Christina Ricci sold her handbag collection to pay for her divorce battle.
The ‘Wednesday’ actress split from James Heerdegen – the father of her eight-year-old son Freddie – in 2020 after seven years of marriage and the following year she obtained a restraining order against her former spouse, citing severe physical and emotional abuse.
The 42-year-old star admitted the resulting court battles have been expensive, but she was able to put her fashion splurges “to good use”.
She told Sunday Times Style magazine: “There are certain things that I have collected, certain bags. I had quite a Chanel-handbag collection for a while, but I sold a lot of things.”
Asked why she sold then, she said: “Well, certain traumas in life go along with financial traumas, extended court situations, custody situations, fighting restraining orders. Having said that, I’m absolutely doing fine, there’s no issue. But I learnt to use these investment pieces in different ways. I also had a Chanel Fine Jewellery collection that I put to good use.”
Christina has spoken in the past about her “chaotic” childhood and hasn’t seen her father since she was a teenager, and she admitted her unhealthy relationship choices stemmed from her upbringing.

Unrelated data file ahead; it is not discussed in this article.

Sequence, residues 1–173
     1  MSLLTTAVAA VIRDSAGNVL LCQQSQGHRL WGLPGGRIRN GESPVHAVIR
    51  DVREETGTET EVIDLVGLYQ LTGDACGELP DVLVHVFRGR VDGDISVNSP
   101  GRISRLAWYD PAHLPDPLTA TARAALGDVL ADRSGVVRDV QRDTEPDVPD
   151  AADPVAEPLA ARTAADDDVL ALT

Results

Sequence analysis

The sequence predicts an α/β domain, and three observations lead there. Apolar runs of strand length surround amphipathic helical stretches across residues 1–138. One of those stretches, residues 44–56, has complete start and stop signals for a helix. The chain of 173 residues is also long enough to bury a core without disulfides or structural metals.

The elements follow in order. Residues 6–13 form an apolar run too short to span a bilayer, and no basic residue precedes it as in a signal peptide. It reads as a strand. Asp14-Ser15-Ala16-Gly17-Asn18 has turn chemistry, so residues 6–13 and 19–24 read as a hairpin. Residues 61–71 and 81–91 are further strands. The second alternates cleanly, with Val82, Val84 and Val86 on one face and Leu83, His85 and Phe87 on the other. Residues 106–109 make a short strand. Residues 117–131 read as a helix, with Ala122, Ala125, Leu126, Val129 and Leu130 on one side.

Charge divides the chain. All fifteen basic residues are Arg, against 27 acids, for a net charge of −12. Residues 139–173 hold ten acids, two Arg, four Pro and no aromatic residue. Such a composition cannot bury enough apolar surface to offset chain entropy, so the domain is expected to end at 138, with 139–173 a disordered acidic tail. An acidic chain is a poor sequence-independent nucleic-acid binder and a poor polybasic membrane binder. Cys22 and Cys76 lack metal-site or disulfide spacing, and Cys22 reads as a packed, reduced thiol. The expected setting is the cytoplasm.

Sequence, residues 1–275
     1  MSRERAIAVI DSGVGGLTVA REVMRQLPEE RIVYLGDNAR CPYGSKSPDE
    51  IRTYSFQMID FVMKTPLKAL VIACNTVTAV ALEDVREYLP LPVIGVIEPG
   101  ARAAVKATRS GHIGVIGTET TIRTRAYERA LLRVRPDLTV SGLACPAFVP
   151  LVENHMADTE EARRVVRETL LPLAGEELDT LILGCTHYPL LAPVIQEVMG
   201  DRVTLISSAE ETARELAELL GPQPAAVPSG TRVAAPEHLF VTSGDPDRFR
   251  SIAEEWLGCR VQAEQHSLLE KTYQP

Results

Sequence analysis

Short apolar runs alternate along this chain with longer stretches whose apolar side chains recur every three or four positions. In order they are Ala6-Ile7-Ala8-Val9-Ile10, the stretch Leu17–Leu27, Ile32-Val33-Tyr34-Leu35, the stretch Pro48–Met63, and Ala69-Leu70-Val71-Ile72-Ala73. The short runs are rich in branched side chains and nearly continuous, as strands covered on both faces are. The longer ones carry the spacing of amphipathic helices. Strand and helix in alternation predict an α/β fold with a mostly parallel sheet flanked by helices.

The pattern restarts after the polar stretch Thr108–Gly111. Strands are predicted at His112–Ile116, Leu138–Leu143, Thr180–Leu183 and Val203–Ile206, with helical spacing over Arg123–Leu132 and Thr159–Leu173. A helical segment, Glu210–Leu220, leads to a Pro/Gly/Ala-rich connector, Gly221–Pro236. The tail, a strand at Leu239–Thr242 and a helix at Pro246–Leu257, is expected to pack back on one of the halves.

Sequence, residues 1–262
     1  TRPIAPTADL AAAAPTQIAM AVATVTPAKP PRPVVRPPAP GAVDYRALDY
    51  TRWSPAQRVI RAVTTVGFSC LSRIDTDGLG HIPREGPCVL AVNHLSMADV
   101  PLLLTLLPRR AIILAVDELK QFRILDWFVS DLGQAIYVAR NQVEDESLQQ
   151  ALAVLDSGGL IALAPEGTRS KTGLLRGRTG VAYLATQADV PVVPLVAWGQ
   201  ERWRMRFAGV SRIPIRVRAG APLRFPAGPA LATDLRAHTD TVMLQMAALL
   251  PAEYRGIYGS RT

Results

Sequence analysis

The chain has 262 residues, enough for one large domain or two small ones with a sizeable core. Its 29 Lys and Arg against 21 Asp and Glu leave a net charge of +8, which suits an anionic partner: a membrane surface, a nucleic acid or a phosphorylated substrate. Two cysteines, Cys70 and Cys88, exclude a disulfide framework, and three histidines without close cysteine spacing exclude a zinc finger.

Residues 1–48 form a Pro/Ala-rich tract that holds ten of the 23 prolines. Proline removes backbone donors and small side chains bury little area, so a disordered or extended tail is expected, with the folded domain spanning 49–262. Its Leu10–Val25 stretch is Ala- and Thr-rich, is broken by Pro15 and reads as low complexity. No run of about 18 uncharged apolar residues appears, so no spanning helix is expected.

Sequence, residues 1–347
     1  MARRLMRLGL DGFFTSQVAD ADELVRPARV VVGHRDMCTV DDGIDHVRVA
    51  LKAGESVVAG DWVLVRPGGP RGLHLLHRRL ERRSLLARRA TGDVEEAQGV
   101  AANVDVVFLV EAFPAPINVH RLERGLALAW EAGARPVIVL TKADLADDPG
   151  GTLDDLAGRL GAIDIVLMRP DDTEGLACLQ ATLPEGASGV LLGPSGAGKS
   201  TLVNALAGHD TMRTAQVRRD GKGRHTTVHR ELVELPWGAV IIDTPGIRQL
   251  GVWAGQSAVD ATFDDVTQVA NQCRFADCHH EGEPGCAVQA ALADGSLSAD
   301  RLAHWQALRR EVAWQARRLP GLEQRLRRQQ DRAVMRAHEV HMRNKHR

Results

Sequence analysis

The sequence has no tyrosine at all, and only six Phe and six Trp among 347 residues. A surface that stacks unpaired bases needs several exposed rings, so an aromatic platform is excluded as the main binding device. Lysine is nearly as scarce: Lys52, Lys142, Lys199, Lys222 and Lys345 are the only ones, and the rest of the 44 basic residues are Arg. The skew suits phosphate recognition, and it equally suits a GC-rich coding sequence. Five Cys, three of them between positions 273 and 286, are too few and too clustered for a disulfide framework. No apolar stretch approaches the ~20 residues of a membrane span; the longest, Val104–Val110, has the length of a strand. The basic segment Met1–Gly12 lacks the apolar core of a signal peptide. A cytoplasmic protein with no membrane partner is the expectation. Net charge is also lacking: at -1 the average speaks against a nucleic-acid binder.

Asked if she made unhealthy decisions in her personal life because of her childhood, she said: “Yeah, 100 per cent.
“I think with those things . . . Well, I can’t speak for everyone, but it took me a long time to admit to myself what was going on, what it should be called. Denial is very strong. Of course you don’t want to accept that the worst possible thing is happening and that you put yourself in that situation. So it took me a really long time to realise that.”
The ‘Yellowjackets’ actress hasn’t kept any memorabilia from her career in the 1990s because of her childhood trauma, but her new husband, Mark Hampton – the father of her 11-month-old daughter Cleo – has been trying to track down some old magazines to show her it is OK to value her memories from that time.
She said: “Once I had to get rid of a lot of things I had collected in my youth and that was painful, so ever since I have not necessarily wanted to collect much. I think the idea of potentially losing the stuff that you care enough to save…
“It’s hard to explain without this turning into a therapy session, but when I was younger one of the things that would happen is that personal possessions were taken away. You had to lie about things being your favourite things, because if it was your favourite thing it would be taken, but if you didn’t care you got to keep it.
“You had to pretend you liked certain things that you didn’t like, so I always had a fake favourite colour growing up.
“What has been interesting with Mark was that he was horrified that I hadn’t saved anything, so he has gone on eBay and found my old magazine covers, which is really lovely. He is trying to show me that it is safe to have those things.”